Senkou Span Cross The Senkou Span cross is one of the lesser known trading strategies within the Ichimoku Kinko Hyo system. This is mostly due to the fact that the Senkou Span cross tends to be more commonly used as an additional confirmation with other trading strategies rather than being used as a standalone trading strategy in its own right. However, it is nonetheless a solid trend trading strategy and can definitely be used on its own. Given that the Senkou Span cross strategy, like the kumo breakout trading strategy strategy, utilize the Kumo for signal generation, it is best employed employed on the longer time frames of the Daily chart and above. The Senkou Span cross signal is given when the senkou span A line crosses over the senkou span B line of the kumo.. If the Senkou Span A crosses the Senkou Span B from the bottom up, then it is a bullish bullish signal. If it crosses from the top down, then it is a bearish signal. Nevertheless, like all trading strategies within the Ichimoku Kinko Hyo system, the Senkou Span cross signal needs to be evaluated against the larger Ichimoku "picture" before commi committing to any trade. The thing to keep in mind with the Senkou Span cross strategy is that the "cross" signal will take place 26 periods ahead of the price action as the Kumo is timetime shifted 26 periods into the future. This relationship is obvious when one looks at the current price on a live chart, but less so when looking at historical price action. In addition, while all Ichimoku strategies should be exercised with the larger Ichimoku picture in mind, this is particularly important with the Senkou Span ccross. Thus, determining the overall trend on higher time frames first and then taking only Senkou

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Span signals that align with that trend on the lower timeframes is the best implementation of the Senkou Span strategy. In general, the Senkou Span cross strategy strategy can be classified into three (3) major classifications: strong, neutral and weak. STRONG SENKOU SPAN CROSS SIGNAL A strong Senkou Span cross signal takes place when the price curve is on the side of the Kumo that matches the sentiment of the senkou span cross. NEUTRAL SENKOU SPAN CROSS SIGNAL A neutral Senkou Span cross signal takes place when the price curve is inside the Kumo at the time of the Senkou Span cross. WEAK SENKOU SPAN CROSS SIGNAL A weak Senkou Span cross signal takes place when the price curve is on the opposite side of the Kumo that matches the sentiment of the Senkou Span cross. The chart in Figure VII below shows some classifications of the Senkou Span cross. The dashed vertical lines represent the 26 26-period period relationship between p price and the Senkou Span cross. Thus, point A represents a bullish Senkou Span cross that can be categorized as a "strong" buy signal due to the fact that price (point (point B B), at the point of the cross, was trading above the Kumo. Likewise, point C represents a bearish Senkou Span cross that generated a strong sell signal due to price's location at point D below the Kumo. The Senkou Span cross at Point E generated a neutral buy signal since price (point point F) F) was trading within the Kumo at that point.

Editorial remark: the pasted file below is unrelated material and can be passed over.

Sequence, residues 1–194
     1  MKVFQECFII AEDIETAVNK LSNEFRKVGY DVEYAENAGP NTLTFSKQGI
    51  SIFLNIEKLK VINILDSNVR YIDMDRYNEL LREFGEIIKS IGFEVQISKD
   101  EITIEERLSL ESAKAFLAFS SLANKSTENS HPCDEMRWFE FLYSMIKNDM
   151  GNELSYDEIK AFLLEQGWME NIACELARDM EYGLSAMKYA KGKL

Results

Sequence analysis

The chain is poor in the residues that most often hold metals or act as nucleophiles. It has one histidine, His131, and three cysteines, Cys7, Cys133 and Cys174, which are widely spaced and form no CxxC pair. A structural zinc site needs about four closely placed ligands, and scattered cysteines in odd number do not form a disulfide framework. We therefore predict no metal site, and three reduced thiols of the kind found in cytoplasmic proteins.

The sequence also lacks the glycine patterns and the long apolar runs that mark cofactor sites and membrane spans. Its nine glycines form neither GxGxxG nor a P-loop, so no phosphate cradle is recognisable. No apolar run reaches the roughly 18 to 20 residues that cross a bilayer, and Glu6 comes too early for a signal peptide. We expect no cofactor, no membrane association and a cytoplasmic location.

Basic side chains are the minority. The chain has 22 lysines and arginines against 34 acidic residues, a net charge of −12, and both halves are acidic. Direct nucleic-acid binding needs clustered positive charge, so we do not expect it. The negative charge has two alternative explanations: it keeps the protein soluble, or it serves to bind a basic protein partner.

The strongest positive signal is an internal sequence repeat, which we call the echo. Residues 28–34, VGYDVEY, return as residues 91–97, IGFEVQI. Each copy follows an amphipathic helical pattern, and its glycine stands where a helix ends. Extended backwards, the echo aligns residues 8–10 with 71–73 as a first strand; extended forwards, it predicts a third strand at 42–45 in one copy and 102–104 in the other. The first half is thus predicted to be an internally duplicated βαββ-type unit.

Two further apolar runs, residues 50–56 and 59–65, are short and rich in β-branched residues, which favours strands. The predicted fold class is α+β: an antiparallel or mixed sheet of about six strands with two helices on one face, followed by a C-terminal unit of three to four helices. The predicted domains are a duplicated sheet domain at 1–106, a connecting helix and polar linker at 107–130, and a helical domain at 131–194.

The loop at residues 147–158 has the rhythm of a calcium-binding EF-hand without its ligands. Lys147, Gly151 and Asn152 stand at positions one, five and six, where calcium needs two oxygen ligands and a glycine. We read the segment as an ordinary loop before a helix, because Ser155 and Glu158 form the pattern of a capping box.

FIGURE VII II - Senkou Span Cross Classifications Page 28 of 33